Wednesday, December 9, 2009

Looking for the root of your child's fear is key.  Have they watched something on television that scared them?  Have you moved into a new house or transitioned into a new room?  It's important that you listen to your child's fears.  It helps them to validate their feelings instead of trying to suppress them.  When they feel they are being taken seriously, they are able to take your guidance and support.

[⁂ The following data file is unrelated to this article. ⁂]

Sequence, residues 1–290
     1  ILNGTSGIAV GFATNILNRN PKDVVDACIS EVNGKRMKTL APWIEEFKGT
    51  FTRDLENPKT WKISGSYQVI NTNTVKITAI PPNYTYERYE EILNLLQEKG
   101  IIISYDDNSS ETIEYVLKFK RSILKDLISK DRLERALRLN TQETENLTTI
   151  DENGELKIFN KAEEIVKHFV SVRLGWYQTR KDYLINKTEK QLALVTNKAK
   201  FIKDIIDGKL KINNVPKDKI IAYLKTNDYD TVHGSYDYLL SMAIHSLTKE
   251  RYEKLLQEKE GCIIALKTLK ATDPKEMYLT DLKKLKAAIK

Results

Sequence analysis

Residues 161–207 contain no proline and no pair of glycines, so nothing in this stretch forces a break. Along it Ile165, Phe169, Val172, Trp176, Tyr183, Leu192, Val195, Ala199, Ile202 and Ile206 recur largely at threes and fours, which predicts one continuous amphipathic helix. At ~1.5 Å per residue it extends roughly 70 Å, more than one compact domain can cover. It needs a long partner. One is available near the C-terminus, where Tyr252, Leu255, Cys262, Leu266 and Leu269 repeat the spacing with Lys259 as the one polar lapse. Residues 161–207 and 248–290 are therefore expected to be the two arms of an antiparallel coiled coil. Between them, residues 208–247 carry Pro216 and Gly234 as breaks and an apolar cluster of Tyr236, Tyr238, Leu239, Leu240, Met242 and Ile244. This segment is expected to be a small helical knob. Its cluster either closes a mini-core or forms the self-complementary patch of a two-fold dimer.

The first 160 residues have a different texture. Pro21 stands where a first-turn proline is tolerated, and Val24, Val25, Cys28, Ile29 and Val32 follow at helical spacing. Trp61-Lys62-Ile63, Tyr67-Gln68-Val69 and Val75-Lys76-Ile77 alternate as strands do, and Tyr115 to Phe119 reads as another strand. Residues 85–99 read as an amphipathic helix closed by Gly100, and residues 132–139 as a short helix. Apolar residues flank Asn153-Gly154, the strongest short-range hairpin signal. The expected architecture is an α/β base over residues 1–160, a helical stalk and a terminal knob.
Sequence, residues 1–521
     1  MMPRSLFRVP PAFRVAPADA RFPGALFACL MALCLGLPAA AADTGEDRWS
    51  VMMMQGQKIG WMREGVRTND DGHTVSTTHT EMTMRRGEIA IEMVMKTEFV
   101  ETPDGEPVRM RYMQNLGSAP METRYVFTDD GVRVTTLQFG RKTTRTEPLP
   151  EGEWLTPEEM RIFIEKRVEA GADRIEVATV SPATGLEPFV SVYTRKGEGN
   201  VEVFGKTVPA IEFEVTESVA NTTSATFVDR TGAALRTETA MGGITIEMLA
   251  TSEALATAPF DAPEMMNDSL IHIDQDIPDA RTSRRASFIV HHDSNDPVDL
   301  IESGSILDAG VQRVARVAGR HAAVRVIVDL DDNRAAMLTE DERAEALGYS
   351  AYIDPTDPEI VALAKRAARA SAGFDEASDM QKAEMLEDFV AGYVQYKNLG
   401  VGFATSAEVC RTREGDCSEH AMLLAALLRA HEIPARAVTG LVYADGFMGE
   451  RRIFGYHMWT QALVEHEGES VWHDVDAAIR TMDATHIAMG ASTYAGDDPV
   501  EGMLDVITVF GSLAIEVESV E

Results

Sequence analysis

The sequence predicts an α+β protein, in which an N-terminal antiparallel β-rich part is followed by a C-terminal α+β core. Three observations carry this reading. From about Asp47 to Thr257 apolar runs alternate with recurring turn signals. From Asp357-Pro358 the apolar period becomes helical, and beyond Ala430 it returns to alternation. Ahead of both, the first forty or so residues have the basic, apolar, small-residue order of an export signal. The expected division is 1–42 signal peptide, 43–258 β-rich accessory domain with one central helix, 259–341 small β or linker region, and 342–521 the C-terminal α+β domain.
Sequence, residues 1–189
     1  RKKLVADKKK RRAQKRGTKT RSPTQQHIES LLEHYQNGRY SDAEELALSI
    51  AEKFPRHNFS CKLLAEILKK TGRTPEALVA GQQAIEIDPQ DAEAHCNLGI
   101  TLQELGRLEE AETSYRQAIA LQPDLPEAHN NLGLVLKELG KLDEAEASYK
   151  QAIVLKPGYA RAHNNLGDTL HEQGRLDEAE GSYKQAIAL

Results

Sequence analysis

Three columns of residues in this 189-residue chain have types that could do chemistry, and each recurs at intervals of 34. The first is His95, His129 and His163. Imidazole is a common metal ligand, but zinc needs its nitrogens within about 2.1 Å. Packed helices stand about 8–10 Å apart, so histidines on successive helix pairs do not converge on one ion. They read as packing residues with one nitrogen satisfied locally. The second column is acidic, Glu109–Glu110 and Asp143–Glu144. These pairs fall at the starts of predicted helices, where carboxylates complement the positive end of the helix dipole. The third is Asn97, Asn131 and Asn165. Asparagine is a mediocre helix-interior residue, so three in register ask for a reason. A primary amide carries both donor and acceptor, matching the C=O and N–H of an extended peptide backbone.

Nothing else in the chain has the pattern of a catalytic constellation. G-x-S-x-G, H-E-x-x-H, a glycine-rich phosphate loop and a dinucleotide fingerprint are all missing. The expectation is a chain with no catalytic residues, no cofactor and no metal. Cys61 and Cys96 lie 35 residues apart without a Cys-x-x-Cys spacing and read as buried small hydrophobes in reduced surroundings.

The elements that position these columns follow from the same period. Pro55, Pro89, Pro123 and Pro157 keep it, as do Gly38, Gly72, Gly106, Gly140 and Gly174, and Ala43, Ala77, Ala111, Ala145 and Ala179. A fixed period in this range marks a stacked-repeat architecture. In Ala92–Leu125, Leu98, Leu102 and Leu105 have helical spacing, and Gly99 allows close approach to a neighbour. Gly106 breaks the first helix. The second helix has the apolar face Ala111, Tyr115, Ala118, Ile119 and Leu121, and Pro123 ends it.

If your child expresses fears of the dark or bedtime:

1.  Listen without judgment.
2.  Work through solutions with them.  Agree to try a nightlight or leaving the door open.  Assure your child that you will respond if he needs you or still feels afraid.
3.  Respond if your child calls out to you.  Listen and reassure.  Your child needs to know you are going to come to them.  They may do this for a few nights to reassure themselves you will come or that you will hear.  As they establish more security in your presence, they will begin to feel safer and fear night less.



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